Avoiding Culture Collisions
Chapter four discussed how there are differences between cultures and this can sometimes cause misunderstandings or miscommunications. This can sometimes become a problem when dealing with international business. For example, most US businesses like to get to the point right away and don't like any fluff in reports they write or read. Latin American businesses, however, like to write out long explanations on why a decision is being made and take their time in getting to the point. This can become a problem but by using some of the following tips it can be avoided: people on both sides of the context barrier must make adjustments, a new employee should be welcomed by his/her boss, colleagues that will be performing similar duties, and an individual located near the new employee, background information is essential, give explicit instructions on how you want things done, and foreign workers must learn to become more self-reliant.
I found an article that talks about the experience of consumers reactions to a surprising event and how it differs across cultures. It looks at the differences between East Asia and Western emotional reactions to unexpected incentives. When given an unexpected gift, east Asians reported less surprise and less pleasure than Westerns. East Asians' displeasure is explained by their motivation to maintain balance and emotional control, which leads to a reappraisal of perceived likelihood. However, when the gift given represented good luck, then East Asians reported greater pleasure than Westerns. This would be a piece of information to know if you were going to exchange or give a gift to a East Asian business manager.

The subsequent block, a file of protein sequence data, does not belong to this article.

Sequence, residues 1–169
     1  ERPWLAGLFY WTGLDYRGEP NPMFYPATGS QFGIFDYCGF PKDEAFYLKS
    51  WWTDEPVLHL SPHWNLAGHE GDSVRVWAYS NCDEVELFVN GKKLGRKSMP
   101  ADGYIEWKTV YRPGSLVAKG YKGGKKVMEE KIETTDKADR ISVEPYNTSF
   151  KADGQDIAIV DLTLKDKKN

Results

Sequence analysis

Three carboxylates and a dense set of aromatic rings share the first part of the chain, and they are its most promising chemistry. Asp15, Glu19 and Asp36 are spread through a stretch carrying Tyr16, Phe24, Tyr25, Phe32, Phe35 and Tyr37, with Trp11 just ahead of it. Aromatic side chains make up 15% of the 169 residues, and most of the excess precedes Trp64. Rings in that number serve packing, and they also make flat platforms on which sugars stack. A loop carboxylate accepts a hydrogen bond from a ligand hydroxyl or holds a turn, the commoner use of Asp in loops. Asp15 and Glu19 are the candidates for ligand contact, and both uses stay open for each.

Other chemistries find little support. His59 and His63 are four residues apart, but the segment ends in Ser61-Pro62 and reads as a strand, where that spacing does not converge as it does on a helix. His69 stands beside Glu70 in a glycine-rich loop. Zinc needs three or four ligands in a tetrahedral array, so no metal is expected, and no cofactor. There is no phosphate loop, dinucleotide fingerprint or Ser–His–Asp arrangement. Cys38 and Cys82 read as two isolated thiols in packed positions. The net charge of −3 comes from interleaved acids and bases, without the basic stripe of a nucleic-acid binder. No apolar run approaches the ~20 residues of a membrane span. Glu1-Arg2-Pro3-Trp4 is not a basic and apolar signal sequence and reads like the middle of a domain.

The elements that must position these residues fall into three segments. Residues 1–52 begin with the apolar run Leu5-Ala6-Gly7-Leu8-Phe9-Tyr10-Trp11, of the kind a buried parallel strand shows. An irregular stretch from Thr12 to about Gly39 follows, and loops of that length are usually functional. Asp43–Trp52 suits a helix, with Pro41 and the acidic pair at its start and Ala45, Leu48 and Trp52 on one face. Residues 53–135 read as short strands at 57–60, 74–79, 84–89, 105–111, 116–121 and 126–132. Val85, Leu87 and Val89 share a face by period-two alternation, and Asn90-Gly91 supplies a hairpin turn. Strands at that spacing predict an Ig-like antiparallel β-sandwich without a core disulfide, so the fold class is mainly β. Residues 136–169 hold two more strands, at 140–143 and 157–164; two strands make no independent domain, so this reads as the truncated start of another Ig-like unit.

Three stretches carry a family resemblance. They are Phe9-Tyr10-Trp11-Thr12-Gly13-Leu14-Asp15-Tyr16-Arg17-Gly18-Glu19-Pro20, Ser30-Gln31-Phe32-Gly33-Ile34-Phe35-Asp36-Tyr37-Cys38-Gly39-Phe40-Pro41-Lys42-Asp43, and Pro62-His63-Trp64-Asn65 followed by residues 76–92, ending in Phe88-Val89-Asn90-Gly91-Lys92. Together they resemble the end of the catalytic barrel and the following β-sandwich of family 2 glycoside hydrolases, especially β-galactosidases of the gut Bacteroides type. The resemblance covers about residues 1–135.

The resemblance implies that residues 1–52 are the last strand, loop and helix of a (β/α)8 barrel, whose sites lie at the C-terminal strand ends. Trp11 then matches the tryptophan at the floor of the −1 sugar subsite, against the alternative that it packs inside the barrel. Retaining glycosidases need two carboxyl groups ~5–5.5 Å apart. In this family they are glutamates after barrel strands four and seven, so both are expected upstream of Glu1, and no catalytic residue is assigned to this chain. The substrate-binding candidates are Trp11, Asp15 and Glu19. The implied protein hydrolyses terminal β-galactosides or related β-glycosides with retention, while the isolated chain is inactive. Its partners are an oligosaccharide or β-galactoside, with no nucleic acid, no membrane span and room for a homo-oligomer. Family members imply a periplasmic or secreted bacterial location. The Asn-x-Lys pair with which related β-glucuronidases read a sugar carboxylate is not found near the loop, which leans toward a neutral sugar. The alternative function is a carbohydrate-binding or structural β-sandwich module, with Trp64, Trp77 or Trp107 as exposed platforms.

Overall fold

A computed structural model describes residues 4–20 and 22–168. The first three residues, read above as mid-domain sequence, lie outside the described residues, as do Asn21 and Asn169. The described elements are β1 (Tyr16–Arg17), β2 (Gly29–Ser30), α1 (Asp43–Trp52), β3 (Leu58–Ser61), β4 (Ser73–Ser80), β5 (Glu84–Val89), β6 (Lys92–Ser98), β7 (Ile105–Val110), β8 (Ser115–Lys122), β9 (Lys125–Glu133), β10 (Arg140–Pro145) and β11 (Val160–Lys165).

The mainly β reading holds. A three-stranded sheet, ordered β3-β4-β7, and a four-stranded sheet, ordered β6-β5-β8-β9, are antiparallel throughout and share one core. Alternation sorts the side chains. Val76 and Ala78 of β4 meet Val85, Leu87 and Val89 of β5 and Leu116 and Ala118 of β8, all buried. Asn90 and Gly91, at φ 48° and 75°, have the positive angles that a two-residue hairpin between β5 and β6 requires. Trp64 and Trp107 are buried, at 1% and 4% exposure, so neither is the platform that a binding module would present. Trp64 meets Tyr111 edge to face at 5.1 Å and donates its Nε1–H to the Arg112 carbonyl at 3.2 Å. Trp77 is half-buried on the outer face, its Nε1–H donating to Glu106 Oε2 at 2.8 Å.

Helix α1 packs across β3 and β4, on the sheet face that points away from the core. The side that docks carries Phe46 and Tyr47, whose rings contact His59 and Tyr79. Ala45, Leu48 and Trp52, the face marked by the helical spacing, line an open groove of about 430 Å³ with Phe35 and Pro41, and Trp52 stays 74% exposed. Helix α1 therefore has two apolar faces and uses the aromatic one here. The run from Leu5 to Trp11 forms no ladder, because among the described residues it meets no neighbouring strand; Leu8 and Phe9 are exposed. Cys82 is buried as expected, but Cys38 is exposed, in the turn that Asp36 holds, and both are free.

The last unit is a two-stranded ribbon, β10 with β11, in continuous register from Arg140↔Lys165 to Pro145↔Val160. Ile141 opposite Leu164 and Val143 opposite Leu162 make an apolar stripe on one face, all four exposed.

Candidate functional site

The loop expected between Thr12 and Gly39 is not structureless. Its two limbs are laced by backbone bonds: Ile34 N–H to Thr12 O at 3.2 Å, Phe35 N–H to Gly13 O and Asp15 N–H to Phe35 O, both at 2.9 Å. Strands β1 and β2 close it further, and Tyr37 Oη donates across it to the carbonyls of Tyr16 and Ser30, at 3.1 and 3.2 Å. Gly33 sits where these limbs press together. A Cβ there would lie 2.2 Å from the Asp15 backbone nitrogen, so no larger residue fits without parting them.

VALENZUELA, ANA, BARBARA MELLERS, and JUDI STREBEL. "Pleasurable Surprises: A Cross-Cultural Study of Consumer Responses to Unexpected Incentives." Journal of Consumer Research 36.5 (2010): 792-805. Academic Search Complete. EBSCO. Web. 1 Feb. 2010.